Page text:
The church at Thingvellir was built in 1859 and was inaugurated on Christmas day that year. In 1907 in preparing for the visit of the king of Danmark (who was also the king of Iceland in that time) the tower was changed. In the tower there are three bells, one old one (not known how old it is), one given to the church of Jón Vidalín bishop in 1698 and the third one is the Iceland bell from 1944. Þingvellir is a national park in the municipality of Bláskógabyggð in southwestern Iceland, about 40 km northeast of Iceland's capital, Reykjavík. Þingvellir is a site of historical, cultural, and geological significance, and is one of the most popular tourist destinations in Iceland. The park lies in a rift valley that marks the crest of the Mid-Atlantic Ridge and the boundary between the North American and Eurasian tectonic plates. To its south lies Þingvallavatn, the largest natural lake in Iceland. Þingvellir is associated with the Althing, the national parliament of Iceland, which was established at the site in 930 AD. Sessions were held at the location until 1798. Þingvellir National Park (þjóðgarðurinn á Þingvöllum) was founded in 1930, marking the 1000th anniversary of the Althing. The park was later expanded to protect the diverse and natural phenomena in the surrounding area, and was designated as a World Heritage Site in 2004. According to the Book of Settlements (Landnámabók), the settlement of Iceland began in AD 874 when the Norwegian chieftain Ingólfr Arnarson became the first permanent Norwegian settler on the island. Over the next centuries, people of Norse and Celtic origin settled in Iceland. Early on, district assemblies were formed, but as the population grew, there was a need for a general assembly. The descendants of Ingólfur who dominated the region of southwest Iceland had become the most powerful family in the country, and other chieftains felt a need for a general assembly to limit their power.
  • Þingvellir

    Þingvellir

    The church at Thingvellir was built in 1859 and was inaugurated on Christmas day that year. In 1907 in preparing for the visit of the king of Danmark (who was also the king of Iceland in that time) the tower was changed. In the tower there are three bells, one old one (not known how old it is), one given to the church of Jón Vidalín bishop in 1698 and the third one is the Iceland bell from 1944. Þingvellir is a national park in the municipality of Bláskógabyggð in southwestern Iceland, about 40 km northeast of Iceland's capital, Reykjavík. Þingvellir is a site of historical, cultural, and geological significance, and is one of the most popular tourist destinations in Iceland. The park lies in a rift valley that marks the crest of the Mid-Atlantic Ridge and the boundary between the North American and Eurasian tectonic plates. To its south lies Þingvallavatn, the largest natural lake in Iceland. Þingvellir is associated with the Althing, the national parliament of Iceland, which was established at the site in 930 AD. Sessions were held at the location until 1798. Þingvellir National Park (þjóðgarðurinn á Þingvöllum) was founded in 1930, marking the 1000th anniversary of the Althing. The park was later expanded to protect the diverse and natural phenomena in the surrounding area, and was designated as a World Heritage Site in 2004. According to the Book of Settlements (Landnámabók), the settlement of Iceland began in AD 874 when the Norwegian chieftain Ingólfr Arnarson became the first permanent Norwegian settler on the island. Over the next centuries, people of Norse and Celtic origin settled in Iceland. Early on, district assemblies were formed, but as the population grew, there was a need for a general assembly. The descendants of Ingólfur who dominated the region of southwest Iceland had become the most powerful family in the country, and other chieftains felt a need for a general assembly to limit their power.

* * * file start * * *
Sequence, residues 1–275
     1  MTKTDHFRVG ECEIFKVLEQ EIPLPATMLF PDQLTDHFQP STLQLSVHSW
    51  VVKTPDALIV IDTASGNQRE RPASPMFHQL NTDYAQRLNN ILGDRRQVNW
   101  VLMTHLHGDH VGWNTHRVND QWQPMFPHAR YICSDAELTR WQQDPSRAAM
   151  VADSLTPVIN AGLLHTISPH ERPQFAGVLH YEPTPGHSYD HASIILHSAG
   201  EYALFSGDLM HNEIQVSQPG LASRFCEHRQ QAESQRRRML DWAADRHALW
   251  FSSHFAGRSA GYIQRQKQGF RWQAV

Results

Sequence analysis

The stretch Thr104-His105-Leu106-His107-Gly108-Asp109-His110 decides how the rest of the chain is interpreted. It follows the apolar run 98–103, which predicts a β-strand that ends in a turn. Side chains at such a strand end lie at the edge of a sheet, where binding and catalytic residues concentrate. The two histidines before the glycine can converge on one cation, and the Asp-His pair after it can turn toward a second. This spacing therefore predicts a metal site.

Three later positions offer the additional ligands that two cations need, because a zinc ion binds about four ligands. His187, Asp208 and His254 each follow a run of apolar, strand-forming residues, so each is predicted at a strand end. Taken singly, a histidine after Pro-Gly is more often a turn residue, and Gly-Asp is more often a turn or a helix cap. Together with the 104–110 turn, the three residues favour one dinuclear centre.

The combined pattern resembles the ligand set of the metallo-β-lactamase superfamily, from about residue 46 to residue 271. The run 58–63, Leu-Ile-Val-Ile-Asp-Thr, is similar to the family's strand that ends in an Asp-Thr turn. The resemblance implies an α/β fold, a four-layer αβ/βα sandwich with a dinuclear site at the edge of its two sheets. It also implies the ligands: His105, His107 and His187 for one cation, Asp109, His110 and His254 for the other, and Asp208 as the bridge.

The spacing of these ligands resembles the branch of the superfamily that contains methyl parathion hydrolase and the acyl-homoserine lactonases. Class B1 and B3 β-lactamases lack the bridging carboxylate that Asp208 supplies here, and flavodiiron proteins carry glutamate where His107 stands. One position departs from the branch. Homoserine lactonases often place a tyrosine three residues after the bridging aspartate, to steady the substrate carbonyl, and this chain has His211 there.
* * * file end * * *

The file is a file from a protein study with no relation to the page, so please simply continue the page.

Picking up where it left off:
• Þingvellir

    Þingvellir

    The church at Thingvellir was built in 1859 and was inaugurated on Christmas day that year. In 1907 in preparing for the visit of the king of Danmark (who was also the king of Iceland in that time) the tower was changed. In the tower there are three bells, one old one (not known how old it is), one given to the church of Jón Vidalín bishop in 1698 and the third one is the Iceland bell from 1944. Þingvellir is a national park in the municipality of Bláskógabyggð in southwestern Iceland, about 40 km northeast of Iceland's capital, Reykjavík. Þingvellir is a site of historical, cultural, and geological significance, and is one of the most popular tourist destinations in Iceland. The park lies in a rift valley that marks the crest of the Mid-Atlantic Ridge and the boundary between the North American and Eurasian tectonic plates. To its south lies Þingvallavatn, the largest natural lake in Iceland. Þingvellir is associated with the Althing, the national parliament of Iceland, which was established at the site in 930 AD. Sessions were held at the location until 1798. Þingvellir National Park (þjóðgarðurinn á Þingvöllum) was founded in 1930, marking the 1000th anniversary of the Althing. The park was later expanded to protect the diverse and natural phenomena in the surrounding area, and was designated as a World Heritage Site in 2004. According to the Book of Settlements (Landnámabók), the settlement of Iceland began in AD 874 when the Norwegian chieftain Ingólfr Arnarson became the first permanent Norwegian settler on the island. Over the next centuries, people of Norse and Celtic origin settled in Iceland. Early on, district assemblies were formed, but as the population grew, there was a need for a general assembly. The descendants of Ingólfur who dominated the region of southwest Iceland had become the most powerful family in the country, and other chieftains felt a need for a general assembly to limit their power.